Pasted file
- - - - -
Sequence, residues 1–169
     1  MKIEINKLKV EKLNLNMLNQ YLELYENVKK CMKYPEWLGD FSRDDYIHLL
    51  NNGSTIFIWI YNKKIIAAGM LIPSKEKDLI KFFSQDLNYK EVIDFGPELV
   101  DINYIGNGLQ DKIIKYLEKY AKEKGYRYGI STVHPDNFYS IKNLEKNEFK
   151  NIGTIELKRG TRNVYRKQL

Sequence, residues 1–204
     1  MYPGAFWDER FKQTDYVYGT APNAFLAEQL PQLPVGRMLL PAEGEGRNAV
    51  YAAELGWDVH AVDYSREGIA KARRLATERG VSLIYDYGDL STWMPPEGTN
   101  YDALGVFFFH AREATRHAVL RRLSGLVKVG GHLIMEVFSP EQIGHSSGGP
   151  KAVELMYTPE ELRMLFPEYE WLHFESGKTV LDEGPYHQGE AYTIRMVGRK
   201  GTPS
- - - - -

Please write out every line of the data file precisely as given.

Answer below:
Sequence, residues 1–169
     1  MKIEINKLKV EKLNLNMLNQ YLELYENVKK CMKYPEWLGD FSRDDYIHLL
    51  NNGSTIFIWI YNKKIIAAGM LIPSKEKDLI KFFSQDLNYK EVIDFGPELV
   101  DINYIGNGLQ DKIIKYLEKY AKEKGYRYGI STVHPDNFYS IKNLEKNEFK
   151  NIGTIELKRG TRNVYRKQL

Sequence, residues 1–204
     1  MYPGAFWDER FKQTDYVYGT APNAFLAEQL PQLPVGRMLL PAEGEGRNAV
    51  YAAELGWDVH AVDYSREGIA KARRLATERG VSLIYDYGDL STWMPPEGTN
   101  YDALGVFFFH AREATRHAVL RRLSGLVKVG GHLIMEVFSP EQIGHSSGGP
   151  KAVELMYTPE ELRMLFPEYE WLHFESGKTV LDEGPYHQGE AYTIRMVGRK
   201  GTPS